It is a single-helicoid focusing mechanism, which means the lens rotates as it focuses. (I have a design for a double-helicoid mechanism, but I think it will be a challenge to print with good results at this point.) The focus range is roughly 30cm to infinity. (Closer than history intended... several of the sample images above would not have been possible with a traditional adapter.)

Credit: I took the photos shown over the weekend with this lens and adapter. They are 70% beautiful because of my gorgeous girlfriend and stylish friends, 25% beautiful because the camera lens is amazing, and 5% beautiful because I was obnoxious enough to be there with a camera and hit the correct button.

2013.09.15 - v1.12 Update: Oh boy, is this ever a sweet update. I've made a bunch of improvements, including:

  • A 3D printer-optimized threadform I developed based on extensive testing of printed helicoid accuracy. The threads now have continuous curvature in the plan view, meaning that jerk in the printhead is minimized while the adapter is being printed.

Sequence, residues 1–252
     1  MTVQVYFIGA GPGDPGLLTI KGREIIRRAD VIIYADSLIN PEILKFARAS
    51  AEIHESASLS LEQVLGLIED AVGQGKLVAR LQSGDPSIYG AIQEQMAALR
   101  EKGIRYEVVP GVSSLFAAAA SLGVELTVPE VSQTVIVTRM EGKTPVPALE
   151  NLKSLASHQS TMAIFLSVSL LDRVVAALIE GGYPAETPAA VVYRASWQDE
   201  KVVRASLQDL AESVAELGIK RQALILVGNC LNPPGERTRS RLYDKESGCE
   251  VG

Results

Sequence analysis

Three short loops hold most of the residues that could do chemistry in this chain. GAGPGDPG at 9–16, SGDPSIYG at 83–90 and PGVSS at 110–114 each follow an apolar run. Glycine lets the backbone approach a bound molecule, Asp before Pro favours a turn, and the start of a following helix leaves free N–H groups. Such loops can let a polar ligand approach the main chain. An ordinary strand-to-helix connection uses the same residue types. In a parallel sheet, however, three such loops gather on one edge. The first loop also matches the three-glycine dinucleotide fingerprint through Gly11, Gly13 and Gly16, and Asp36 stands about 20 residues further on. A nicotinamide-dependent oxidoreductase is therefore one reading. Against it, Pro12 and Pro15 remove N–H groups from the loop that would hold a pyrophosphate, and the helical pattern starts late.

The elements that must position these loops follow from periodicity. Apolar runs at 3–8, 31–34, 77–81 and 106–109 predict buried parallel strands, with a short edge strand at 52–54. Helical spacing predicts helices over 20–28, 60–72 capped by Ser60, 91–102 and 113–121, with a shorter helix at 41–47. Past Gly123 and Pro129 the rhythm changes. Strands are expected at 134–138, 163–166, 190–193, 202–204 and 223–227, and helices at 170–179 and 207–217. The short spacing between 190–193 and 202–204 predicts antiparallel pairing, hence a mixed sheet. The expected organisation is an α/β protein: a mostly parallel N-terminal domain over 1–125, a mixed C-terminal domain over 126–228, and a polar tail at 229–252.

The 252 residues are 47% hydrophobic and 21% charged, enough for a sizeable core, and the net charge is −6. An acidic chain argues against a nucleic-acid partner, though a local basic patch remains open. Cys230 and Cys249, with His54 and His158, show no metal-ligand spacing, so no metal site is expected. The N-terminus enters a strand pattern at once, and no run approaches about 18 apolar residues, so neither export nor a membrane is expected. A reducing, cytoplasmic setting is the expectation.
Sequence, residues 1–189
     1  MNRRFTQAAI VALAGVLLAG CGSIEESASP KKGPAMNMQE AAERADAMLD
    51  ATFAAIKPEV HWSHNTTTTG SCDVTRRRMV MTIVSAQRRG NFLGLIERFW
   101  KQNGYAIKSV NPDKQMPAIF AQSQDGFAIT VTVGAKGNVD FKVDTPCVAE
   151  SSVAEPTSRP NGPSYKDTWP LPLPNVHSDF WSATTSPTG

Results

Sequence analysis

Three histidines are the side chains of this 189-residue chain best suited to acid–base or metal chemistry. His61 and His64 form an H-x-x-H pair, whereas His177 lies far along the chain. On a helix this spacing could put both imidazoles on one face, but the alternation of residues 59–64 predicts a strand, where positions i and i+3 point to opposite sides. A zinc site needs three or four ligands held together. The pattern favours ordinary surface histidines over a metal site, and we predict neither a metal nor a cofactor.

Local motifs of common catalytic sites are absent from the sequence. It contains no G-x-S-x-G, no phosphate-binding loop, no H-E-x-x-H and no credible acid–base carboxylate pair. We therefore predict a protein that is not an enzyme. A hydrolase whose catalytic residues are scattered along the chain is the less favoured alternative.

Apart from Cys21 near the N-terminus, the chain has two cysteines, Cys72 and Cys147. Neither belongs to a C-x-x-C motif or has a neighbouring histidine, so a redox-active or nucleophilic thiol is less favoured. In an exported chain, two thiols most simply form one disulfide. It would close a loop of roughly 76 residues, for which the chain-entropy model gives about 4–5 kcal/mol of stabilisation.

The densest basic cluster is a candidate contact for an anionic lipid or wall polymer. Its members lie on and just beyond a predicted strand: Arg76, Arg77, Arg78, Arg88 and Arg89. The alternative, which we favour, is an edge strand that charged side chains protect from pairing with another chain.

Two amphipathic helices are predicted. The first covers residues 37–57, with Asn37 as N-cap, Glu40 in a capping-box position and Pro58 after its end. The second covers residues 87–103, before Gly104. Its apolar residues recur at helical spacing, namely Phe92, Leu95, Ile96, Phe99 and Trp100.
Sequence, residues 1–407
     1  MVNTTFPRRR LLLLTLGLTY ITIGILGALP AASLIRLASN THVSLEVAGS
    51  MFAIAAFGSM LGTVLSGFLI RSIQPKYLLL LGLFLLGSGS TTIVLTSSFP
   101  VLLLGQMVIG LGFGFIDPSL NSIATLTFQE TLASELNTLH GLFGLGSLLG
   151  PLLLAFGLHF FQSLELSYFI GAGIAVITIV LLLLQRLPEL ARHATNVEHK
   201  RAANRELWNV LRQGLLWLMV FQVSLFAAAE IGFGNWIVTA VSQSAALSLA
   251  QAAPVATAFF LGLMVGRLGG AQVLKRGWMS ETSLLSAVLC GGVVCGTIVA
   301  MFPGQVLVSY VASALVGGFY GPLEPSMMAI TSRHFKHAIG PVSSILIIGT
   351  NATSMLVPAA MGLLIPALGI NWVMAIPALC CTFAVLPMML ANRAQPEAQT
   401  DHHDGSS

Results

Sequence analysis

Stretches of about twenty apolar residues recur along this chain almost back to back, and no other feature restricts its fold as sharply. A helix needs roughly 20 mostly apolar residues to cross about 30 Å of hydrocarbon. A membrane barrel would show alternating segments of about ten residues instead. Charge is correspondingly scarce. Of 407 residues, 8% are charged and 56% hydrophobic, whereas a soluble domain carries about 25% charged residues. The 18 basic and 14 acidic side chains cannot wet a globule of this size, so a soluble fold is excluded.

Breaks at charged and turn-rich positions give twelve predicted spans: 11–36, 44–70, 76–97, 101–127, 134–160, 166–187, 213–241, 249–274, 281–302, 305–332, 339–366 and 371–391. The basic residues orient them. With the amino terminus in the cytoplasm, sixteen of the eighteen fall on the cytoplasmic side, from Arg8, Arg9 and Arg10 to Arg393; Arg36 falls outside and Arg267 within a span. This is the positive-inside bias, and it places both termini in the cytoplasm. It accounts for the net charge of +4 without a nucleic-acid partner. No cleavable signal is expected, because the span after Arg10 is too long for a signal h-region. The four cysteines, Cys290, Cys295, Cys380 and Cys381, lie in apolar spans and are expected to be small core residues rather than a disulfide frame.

• A finer thread pitch and longer focus throw, for closer focusing and easier micro-adjustments.

  • A spring-loaded section of threads which preload the helicoid as well as eliminate the need for a screw to function as a focus range limiter

  • Better light baffling on the inside of the lens mount

  • A better snap-fit for inserting the lens

  • A more precise fit for the E-Mount

What remains to be finished: Dialing in the perfect infinity focus stop. Right now, it focuses slightly past infinity.


Tolerances are critical here. The parts need to be accurate to 0.1mm or so in order to get a good fit. Print slow, as cool as you can, and with layers at 0.06mm or 0.08mm layers to maximize quality and surface finish.